A study done in 2006 found that runners wearing Nike Ice Vests before a cross country race had a lower core temperature after the race (Warming Up With an Ice Vest: Core Body Temperature Before and After Cross-Country Racing, 2006. Ian Hunter, et al.).

My Garden Shed

All the shed’s parts and pieces shipped from Canada and arrived several days later on two pallets. The manufacturer’s step-by-step Assembly Manual claimed assembly would take “two to three days to complete with a helper.” Their equation did not figure on me being the helper and surely they didn’t count on the job-site being fourteen steps up.

We had inquired all around town to hire two men for two days. They’d feign interest, after which my husband would send them a video detailing the process, and we’d never hear from them again. Eventually he convinced me we could do this by ourselves, and I believed him. We worked nine days in a row.

Day One

He prepared the foundation on the first day. The floor frame was set onto four 4×6 pressure treated lumber beams, and the plywood floor set atop all of this. It took some time to ensure the whole thing was square and level so I did gardening work that day.

Day Two, Three & Four

By Thursday afternoon we had set the studs and secured all the wall panels, installed the windows, and attached the front and rear gables.

Days Five, Six & Seven

We assembled the two roof rafters down below and carried them up one full piece at a time. Each side slid into place and locked into a groove. We just stood there for a minute marveling how easily they had locked in place. This accomplishment seemed to bolster our confidence regarding the roof – the heaviest of all the pieces. When my muscles still wouldn’t rise to the task, my husband lifted the roof panels onto his back and walked them right up the steps.

The six roof panels with cedar shingles already attached, a rafter support beam, gussets, and 6 Polygal panels on the greenhouse side were attached and secured by Saturday afternoon.

All that was left was to install the door and attach the trim pieces. Never underestimate the details.

Days Eight & Nine

On Day Eight, we hammered a million-gazillion trim pieces into their rightful places. Mysteriously, we had a few pieces left over.

The last day we put together flower boxes assembly-line style and we were done!

The instructions suggested painting the plywood floor, so we checked the ‘oops’ paint options on our next trip to Lowe’s. Sure enough we found a can of high gloss white interior/exterior paint there the next day. I have wondered about the outcome had there been a can of green or blue instead. The white was perfect.

There’s still work to be done on the Kung Fu wooden dummy, the plumber will connect the water and hopefully install a sink, the electrician will wire in an outlet or two, and there’s the delightful chore of filling the flower boxes. Moving in is always a process.

It seemed likely we might die pushing the roof panels in place, I smashed my finger once with the hammer, and he fell off the ladder when it slipped down the hill. Every project has its moments, but hey! We built a shed!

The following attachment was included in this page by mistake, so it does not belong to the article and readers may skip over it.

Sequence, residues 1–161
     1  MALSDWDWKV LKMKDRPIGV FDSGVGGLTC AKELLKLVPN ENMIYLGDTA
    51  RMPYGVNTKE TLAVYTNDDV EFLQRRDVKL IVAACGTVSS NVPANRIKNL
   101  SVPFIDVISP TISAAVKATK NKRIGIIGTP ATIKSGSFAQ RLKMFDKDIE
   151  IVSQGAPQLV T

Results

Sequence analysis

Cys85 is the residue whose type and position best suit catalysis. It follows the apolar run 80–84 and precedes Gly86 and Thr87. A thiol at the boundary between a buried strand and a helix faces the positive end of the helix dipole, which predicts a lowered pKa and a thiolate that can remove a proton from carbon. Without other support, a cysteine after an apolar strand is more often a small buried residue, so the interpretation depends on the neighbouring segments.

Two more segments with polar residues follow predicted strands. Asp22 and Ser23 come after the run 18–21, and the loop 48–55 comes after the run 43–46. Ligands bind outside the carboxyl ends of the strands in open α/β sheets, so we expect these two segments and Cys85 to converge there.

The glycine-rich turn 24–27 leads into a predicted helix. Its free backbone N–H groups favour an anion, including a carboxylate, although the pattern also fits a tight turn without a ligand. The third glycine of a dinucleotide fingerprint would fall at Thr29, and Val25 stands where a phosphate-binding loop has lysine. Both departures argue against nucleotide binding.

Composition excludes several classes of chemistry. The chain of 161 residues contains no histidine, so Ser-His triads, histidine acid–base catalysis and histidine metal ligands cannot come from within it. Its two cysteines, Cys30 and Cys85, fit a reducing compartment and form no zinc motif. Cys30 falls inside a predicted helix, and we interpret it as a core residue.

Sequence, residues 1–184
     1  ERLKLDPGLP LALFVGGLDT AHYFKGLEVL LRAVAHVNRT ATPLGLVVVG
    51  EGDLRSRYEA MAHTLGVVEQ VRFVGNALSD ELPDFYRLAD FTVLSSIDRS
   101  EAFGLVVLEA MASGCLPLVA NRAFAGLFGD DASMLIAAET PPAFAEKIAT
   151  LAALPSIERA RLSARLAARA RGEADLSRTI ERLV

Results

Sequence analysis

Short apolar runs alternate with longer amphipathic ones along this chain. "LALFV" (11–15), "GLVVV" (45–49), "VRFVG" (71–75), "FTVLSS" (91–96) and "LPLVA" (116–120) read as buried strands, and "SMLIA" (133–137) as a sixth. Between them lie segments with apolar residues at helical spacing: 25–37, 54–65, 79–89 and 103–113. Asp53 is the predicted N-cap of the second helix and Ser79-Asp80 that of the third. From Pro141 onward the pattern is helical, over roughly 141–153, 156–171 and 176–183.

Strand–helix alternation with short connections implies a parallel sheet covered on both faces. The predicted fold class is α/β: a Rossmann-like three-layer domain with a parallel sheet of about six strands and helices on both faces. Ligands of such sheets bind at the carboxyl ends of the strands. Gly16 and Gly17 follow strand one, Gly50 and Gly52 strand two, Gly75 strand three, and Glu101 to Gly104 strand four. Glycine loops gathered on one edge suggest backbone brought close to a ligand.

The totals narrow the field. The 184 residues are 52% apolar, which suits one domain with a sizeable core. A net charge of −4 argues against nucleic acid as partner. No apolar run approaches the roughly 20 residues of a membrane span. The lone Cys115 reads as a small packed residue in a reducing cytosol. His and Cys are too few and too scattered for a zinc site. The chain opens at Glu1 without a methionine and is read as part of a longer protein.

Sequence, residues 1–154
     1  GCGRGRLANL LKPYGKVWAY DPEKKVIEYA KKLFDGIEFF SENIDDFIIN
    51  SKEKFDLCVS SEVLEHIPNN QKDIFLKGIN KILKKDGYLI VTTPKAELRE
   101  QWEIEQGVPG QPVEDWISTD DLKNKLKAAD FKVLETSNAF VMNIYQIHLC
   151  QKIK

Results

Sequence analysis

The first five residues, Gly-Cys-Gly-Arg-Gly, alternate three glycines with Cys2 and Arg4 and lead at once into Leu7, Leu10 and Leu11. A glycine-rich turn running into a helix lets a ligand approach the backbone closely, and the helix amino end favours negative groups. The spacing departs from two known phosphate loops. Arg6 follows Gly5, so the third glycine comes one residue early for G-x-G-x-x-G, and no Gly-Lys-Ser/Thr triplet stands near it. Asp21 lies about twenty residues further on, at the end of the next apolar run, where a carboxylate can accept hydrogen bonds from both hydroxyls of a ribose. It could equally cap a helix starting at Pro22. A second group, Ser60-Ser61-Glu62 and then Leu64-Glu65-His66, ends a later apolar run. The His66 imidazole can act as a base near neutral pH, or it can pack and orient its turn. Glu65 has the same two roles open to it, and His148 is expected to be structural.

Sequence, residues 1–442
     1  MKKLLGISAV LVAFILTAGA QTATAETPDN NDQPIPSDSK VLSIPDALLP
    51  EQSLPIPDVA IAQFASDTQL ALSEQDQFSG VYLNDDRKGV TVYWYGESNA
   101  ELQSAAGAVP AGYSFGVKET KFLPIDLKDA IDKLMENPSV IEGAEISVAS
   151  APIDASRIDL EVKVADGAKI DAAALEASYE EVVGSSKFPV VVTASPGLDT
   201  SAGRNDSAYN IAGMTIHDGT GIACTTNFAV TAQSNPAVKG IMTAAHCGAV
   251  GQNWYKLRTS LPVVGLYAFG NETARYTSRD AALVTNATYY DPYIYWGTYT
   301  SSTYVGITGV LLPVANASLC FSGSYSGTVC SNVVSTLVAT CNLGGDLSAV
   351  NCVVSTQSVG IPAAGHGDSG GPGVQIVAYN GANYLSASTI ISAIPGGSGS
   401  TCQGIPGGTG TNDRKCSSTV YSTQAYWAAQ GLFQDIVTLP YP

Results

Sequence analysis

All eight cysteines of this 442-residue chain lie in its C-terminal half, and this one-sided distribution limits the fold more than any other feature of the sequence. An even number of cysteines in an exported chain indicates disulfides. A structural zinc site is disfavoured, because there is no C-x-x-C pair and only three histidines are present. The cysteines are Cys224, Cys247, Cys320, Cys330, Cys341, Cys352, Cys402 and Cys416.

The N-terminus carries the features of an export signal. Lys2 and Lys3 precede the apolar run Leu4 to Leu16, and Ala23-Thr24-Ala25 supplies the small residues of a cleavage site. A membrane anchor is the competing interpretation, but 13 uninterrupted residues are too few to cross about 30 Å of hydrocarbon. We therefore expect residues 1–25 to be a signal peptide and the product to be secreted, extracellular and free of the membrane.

Young Dog, Good Dog, Old Dog

I married my husband later in life when children had already come and gone. It must explain why we have adopted so many dogs.

I’m aware of the stages of a dog’s life from puppy to senior, and that each dog moves through each stage at their own pace. But maybe it’s possible that all these life stages could be narrowed down to just three. A young dog becomes a good dog (usually), and a good dog unfortunately becomes an old dog as time goes along.

We’ve had one dog in each of these stages for the past 2-1/2 years. Bentley is a Cavalier King Charles Spaniel, and our youngest dog. Mr. Boggs is a Great Pyrenees/Mastiff mix and Dudley, a Standard Poodle, is the oldest.

Bentley joined our family with the sole purpose of promoting recovery after the loss of our last oldest dog. It’s as if he understood and accepted this job immediately. He still plays with toys, chews sticks on our best rug, attacks my feet when I walk around the house in socks, and dusting the furniture invokes the very worst of his wrath for whatever reason.

He is the definition of dramatic, which means I can’t help but smile whenever I look into his little face. And he instantly found a friend in our next oldest dog, despite their obvious differences.

Mr. Boggs left his adorable puppy phase to become this oversized teddy bear. True to his breed(s), he’s territorial, protective, fearless, patient, loyal, and stubborn. He’s also a really good dog.

Dudley is one of the most stunning of all dogs, and at 16 years old he’s our oldest dog. This perfectly coiffed exterior, however, belies his inner strength and resolve. He’s fought a bear, a Great Dane, killed countless rodents, and spent days at a time roaming the mountains where we live. I wouldn’t say he’s ever lost a fight, but he has come home slightly ruffled from time to time. Nothing has ever intimidated him.

He went to guard dog school for six months when my husband decided he should stand guard over the back door of my store. He was just six months old at the time. The trainer assured us it wouldn’t change his personality, but warned it could make him more intense. That was true, and it also meant he grew up fast.

We learned to talk to him in German, and he went to work with me for the first few years of his life. Then he retired to the life he loved most.